“For the vast majority of survivors, cancer is no longer the automatic death sentence that it was a few decades ago,” says Foundation spokesperson, Laura Shipp. “The reality is that, among U.S. adults, the 5-year relative survival rate for all cancers combined is now approximately 68 percent. In 1987, the year that NCSD began, that number was just 56 percent.

“National Cancer Survivors Day® is an opportunity for cancer survivors to join with each other and celebrate this new reality in cancer survivorship that more people are living longer and better quality lives after cancer than ever before. It is also an opportunity to bring attention to the challenges these survivors face after diagnosis, and sometimes even years after treatment ends.”

NCSD celebrations will be as diverse as the communities where the events are being held. There will be motivational speeches, health fairs, parades, carnivals, block parties, art exhibits, awareness walks, inspirational programs, and more. Cancer survivors will share their unique stories of how surviving cancer has affected their lives. And communities will come together to stand with these survivors and make a commitment to help find ways to lessen the burdens a cancer diagnosis brings.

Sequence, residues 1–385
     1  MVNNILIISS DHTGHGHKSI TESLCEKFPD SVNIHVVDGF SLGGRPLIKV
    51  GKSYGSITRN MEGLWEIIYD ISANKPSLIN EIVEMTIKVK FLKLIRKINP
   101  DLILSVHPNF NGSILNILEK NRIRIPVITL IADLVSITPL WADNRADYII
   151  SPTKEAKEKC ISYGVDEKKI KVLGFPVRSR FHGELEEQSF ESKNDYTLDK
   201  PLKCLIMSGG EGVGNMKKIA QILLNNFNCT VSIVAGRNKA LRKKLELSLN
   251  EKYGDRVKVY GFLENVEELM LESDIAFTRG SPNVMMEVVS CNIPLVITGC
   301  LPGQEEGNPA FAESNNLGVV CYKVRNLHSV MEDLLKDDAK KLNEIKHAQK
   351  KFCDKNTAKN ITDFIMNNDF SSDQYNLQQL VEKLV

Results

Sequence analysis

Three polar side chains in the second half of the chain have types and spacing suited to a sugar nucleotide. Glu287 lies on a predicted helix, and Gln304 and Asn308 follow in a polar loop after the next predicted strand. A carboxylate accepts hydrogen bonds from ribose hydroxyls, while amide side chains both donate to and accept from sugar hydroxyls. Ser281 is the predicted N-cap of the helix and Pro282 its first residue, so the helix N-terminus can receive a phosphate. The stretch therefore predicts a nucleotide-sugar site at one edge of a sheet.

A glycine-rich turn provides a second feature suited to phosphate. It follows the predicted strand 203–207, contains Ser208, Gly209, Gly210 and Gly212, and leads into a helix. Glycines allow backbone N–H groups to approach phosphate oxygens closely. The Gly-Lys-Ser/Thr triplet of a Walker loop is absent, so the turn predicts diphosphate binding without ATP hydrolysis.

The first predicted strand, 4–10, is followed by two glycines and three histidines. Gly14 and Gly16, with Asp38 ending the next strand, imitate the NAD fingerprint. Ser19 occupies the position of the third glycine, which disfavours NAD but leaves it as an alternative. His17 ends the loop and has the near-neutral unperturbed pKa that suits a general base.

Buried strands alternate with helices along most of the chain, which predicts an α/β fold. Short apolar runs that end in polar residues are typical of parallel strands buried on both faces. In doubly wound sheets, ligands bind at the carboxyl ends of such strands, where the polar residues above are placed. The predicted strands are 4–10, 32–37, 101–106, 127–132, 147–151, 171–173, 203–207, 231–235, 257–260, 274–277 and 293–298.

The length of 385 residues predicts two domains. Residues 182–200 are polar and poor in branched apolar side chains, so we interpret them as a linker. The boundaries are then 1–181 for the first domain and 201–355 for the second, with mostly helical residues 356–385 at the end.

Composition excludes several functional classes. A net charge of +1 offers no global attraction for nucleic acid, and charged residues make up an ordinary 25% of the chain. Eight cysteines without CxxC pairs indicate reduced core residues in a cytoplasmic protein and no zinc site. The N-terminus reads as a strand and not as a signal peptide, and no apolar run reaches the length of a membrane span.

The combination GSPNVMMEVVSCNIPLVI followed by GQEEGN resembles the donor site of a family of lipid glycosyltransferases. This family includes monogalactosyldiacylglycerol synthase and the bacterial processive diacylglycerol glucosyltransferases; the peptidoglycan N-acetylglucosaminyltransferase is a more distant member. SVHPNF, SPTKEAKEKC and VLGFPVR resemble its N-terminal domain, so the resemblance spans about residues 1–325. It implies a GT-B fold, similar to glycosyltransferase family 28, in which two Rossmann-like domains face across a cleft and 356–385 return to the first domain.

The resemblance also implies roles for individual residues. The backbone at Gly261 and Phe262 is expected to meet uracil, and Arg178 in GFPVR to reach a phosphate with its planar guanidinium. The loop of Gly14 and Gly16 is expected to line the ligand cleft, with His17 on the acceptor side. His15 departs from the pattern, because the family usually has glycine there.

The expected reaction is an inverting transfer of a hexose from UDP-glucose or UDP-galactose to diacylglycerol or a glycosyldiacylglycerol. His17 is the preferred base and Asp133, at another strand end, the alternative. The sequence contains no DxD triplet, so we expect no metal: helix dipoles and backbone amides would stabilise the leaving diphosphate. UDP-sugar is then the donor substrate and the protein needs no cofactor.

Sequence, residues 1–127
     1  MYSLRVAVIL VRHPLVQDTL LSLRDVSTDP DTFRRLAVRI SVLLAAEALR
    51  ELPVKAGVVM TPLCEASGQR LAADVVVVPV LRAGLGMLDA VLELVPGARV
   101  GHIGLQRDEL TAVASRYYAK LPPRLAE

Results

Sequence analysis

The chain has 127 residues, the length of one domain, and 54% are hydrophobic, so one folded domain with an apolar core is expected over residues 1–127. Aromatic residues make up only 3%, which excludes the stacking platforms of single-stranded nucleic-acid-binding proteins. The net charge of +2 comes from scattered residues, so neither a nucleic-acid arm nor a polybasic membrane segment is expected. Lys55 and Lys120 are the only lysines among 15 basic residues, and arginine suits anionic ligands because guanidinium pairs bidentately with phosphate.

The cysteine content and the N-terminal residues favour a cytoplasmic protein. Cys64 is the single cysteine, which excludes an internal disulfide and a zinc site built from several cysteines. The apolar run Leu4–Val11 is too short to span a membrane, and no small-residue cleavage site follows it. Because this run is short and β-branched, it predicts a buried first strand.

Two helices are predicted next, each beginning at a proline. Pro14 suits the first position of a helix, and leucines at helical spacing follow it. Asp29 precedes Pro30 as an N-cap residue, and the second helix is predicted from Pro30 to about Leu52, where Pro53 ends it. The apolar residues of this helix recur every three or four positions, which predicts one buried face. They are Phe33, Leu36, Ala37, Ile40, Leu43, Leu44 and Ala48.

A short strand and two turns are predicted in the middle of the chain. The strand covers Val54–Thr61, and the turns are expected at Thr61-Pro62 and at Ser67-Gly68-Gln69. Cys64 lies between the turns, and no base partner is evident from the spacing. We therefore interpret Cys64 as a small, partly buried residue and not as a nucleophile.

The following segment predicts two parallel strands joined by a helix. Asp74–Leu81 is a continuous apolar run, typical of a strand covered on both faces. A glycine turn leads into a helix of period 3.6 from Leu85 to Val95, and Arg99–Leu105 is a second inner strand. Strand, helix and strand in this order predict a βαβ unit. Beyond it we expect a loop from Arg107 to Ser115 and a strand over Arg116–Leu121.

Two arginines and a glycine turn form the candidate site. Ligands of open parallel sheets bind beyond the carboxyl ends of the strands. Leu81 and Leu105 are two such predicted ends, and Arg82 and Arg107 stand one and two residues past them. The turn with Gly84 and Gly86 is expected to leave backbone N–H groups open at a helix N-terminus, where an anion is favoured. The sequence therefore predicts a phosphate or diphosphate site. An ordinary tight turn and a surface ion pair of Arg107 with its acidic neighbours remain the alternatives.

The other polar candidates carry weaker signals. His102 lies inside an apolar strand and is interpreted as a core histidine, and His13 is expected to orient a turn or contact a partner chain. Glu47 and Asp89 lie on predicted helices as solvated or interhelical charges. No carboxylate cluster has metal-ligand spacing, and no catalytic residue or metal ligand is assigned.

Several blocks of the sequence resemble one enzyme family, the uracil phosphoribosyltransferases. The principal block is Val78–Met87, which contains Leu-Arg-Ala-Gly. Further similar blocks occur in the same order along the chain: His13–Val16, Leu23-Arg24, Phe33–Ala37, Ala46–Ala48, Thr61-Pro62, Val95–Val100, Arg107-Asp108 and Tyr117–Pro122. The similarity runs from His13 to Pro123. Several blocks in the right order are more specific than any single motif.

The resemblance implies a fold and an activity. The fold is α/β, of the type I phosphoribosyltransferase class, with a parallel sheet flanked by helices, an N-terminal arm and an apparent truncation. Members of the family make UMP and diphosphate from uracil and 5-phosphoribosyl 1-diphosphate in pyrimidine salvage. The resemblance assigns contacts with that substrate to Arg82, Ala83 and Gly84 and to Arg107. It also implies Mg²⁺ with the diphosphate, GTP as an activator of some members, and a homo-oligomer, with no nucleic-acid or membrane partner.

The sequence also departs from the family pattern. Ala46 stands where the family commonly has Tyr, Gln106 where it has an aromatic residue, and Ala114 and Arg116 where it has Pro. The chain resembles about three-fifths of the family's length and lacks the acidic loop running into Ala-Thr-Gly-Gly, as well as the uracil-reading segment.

The National Cancer Survivors Day® Foundation encourages everyone to participate in their community’s event. To locate the one nearest you, check with your local cancer treatment center, hospital, or American Cancer Society office. Or you can host an event of your own. The NCSD website,, has everything you need to plan an NCSD celebration.

NCSD started in the United States in 1987, and it is now celebrated worldwide in countries including Canada, Australia, India, South Africa, Greece, Saudi Arabia, Italy, and Malaysia, according to Shipp.

The nonprofit National Cancer Survivors Day® Foundation provides free guidance, education, and networking resources and assistance to hundreds of hospitals, support groups, and other cancer-related organizations that host official National Cancer Survivors Day® events in their communities. The Foundation’s primary mission is to bring awareness to the issues of cancer survivorship in order to better the quality of life for cancer survivors.

More Americans than ever are surviving cancer. According to the American Cancer Society’s Cancer Treatment & Survivorship Facts & Figures 2014 – 2015, there are 14.5 million cancer survivors alive in the US today, and that number is expected to grow to almost 19 million by 2024. Even though cancer incidence rates are dropping, the number of cancer survivors is rising due, in part, to earlier detection and better treatments. As the number of cancer survivors continues to grow, it will be more important than ever to address the unique needs of these survivors.

Many survivors face limited access to specialists, a lack of information about promising new treatments, inadequate or no insurance, difficulty finding employment, and psychosocial struggles. Once active treatment ends, cancer survivors still must cope with the long-term effects of cancer, which can include physical side effects; psychological, social, and emotional concerns; and financial hardships.